Sunday, December 31, 2017

Solemnity of the Blessed Virgin Mary, the Mother of God - Mother Knows the Song of the Angels


The shepherds went in haste to Bethlehem and found Mary and Joseph, and the infant lying in the manger. When they saw this, they made known the message that had been told them about this child. All who heard it were amazed by what had been told them by the shepherds. And Mary kept all these things, reflecting on them in her heart. Then the shepherds returned, glorifying and praising God for all they had heard and seen, just as it had been told to them. When eight days were completed for his circumcision, he was named Jesus, the name given him by the angel before he was conceived in the womb.

Introductory Prayer: Lord, you are my friend, my Father, and my protector. I come to you on this new day confident in your presence. I renew my love for you, trusting in your guiding hand.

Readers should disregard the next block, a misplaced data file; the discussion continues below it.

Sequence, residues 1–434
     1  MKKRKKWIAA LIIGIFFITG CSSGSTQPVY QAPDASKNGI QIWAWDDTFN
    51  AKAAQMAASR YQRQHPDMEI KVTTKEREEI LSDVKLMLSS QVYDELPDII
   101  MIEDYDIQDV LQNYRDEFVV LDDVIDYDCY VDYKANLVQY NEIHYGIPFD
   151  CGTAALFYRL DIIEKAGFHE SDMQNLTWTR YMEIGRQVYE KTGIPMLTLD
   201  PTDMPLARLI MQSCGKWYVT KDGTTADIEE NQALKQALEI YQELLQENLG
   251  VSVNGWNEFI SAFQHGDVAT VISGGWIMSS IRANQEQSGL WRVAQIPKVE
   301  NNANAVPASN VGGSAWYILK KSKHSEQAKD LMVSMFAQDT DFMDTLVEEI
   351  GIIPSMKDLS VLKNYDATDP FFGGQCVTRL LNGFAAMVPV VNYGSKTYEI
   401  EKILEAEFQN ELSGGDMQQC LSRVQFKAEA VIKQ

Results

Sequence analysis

Petition: Lord, I want to hear the angels sing. Help me learn to listen. 

  1. Sometimes We Need a Little Help: Would the shepherds have been impressed to find Mary, Joseph, and the child Jesus if the angels had not explained what was happening? They would have just thought it was a poor, vagabond family—unimpressive and unassuming like their own lives as shepherds. Yet the angels opened them to a reality that they would never have imagined or perceived. In my life God has also sent me angels who help me discover him: the faith of a parent or grandparent, the sweet, innocent faith of a child, the good example of a friend, a teacher, a priest or a nun, the example of our Holy Father. Mary also teaches me to discover God in her Son. Do I thank God for these angels that he has sent me? Do I follow their advice and look for Christ in the simple, ordinary circumstances of my life?
  1. Hints of a New Song: In a symphony, the first movement only hints at the central theme. Mary had first heard this theme from the angel Gabriel. Now the shepherds take up this theme—the hymn of the angels—and even though the shepherds play their part with great enthusiasm, it probably makes very little noise outside the little town of Bethlehem. Yet the song had begun, and it would grow to a crescendo as Christ lived out his mission. History unfolds God’s mysterious plan of salvation. I am part of that history, of that symphony. Do I do my best to continue Mary’s song, God’s song, by living my commitments and taking part in apostolate?